I don't like consuming the iterator in the exception case. You might expect just one, but have a fallback approach for more. You could build the safer behavior using itertools.tee() or itertools.chain().
On Mon, Jul 27, 2020, 3:10 PM Noam Yorav-Raphael email@example.com wrote:
There's a simple function that I use many times, and I think may be a good fit to be added to itertools. A function that gets an iterator, and if it has exactly one element returns it, and otherwise raises an exception. This is very useful for cases where I do some sort of query that I expect to get exactly one result, and I want an exception to be raised if I'm wrong. For example:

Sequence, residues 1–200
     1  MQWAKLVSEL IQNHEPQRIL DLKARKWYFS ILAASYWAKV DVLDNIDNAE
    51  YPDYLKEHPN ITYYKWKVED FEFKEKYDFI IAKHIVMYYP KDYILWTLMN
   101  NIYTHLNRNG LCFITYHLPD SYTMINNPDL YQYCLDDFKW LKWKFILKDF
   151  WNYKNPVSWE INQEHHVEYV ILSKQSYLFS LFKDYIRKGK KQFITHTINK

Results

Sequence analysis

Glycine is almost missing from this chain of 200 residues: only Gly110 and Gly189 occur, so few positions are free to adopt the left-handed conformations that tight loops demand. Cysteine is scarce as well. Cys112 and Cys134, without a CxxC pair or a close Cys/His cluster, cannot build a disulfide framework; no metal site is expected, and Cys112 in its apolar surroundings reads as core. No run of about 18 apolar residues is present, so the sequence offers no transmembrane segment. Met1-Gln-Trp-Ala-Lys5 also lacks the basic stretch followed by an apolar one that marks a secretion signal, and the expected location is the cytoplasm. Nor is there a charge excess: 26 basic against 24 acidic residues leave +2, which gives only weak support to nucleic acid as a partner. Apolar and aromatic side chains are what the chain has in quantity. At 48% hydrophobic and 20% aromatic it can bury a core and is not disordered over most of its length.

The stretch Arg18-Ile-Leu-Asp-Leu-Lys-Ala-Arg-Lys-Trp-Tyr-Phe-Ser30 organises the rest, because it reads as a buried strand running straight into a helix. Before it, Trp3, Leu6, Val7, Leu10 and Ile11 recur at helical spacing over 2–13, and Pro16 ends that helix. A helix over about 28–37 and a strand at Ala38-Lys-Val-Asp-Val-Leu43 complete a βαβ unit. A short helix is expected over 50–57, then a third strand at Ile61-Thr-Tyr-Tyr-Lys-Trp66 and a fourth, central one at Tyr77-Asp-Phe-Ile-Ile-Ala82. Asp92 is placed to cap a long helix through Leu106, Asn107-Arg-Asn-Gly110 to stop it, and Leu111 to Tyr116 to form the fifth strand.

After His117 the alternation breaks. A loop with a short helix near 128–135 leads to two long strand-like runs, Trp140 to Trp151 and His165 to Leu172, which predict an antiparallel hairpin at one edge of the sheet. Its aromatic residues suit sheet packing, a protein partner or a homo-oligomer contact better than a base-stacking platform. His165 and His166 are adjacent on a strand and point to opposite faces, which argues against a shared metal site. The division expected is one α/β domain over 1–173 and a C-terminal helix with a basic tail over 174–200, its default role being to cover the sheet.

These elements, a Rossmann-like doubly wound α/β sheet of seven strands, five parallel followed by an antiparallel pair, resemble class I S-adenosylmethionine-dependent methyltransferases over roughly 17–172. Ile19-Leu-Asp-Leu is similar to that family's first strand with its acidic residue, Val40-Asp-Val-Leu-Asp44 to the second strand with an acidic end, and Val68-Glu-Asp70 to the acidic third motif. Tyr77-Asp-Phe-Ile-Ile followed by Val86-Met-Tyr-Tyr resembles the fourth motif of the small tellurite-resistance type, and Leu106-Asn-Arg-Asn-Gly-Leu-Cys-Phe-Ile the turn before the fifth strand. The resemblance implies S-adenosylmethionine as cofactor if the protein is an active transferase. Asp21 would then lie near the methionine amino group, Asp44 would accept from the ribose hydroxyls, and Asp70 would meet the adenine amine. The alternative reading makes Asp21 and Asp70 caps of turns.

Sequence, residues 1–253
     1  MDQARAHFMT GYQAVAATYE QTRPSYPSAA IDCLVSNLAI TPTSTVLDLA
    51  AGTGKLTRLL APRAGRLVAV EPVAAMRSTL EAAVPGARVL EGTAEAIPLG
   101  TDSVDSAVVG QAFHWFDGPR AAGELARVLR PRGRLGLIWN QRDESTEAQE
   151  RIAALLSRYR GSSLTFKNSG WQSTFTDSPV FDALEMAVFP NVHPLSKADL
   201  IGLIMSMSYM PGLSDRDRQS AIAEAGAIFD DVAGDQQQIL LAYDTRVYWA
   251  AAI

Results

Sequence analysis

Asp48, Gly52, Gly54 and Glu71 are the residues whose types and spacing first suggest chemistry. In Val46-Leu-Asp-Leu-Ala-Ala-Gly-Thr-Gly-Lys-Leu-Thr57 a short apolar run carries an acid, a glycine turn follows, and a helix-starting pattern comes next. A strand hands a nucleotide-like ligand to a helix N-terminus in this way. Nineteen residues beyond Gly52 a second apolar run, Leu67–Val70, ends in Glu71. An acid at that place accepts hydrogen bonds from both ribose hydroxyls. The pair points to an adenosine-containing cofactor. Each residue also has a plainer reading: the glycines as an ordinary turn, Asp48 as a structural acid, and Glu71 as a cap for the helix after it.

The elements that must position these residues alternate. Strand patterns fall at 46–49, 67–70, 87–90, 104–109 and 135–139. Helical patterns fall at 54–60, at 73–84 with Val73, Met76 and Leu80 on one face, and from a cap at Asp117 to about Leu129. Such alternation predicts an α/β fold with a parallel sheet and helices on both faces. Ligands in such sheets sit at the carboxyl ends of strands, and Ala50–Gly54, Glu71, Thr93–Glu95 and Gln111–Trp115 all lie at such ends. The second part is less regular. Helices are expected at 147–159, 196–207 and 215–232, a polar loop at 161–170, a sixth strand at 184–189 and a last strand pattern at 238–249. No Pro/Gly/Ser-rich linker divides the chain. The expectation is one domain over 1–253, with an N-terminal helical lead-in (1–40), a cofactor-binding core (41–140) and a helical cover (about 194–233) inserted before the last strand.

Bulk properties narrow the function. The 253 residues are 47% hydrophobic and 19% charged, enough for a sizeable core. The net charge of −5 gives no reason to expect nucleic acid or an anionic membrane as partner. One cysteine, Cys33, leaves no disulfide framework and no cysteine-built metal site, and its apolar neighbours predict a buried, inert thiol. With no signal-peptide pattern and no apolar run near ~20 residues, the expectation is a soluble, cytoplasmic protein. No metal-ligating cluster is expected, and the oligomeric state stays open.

jack = one(p for p in people if p.id == '1234')
sqlalchemy already has such a function for queries: https://docs.sqlalchemy.org/en/13/orm/query.html#sqlalchemy.orm.query.Query....
This is my implementation:
def one(iterable): it = iter(iterable) try: r = next(it) except StopIteration: raise ValueError("Iterator is empty") try: next(it) except StopIteration: return r else: raise ValueError("Iterator has more than one item")
What do you think?
Thanks, Noam _______________________________________________ Python-Dev mailing list -- firstname.lastname@example.org To unsubscribe send an email to email@example.com https://mail.python.org/mailman3/lists/python-dev.python.org/ Message archived at https://firstname.lastname@example.org/message/D52MPKLI... Code of Conduct: http://python.org/psf/codeofconduct/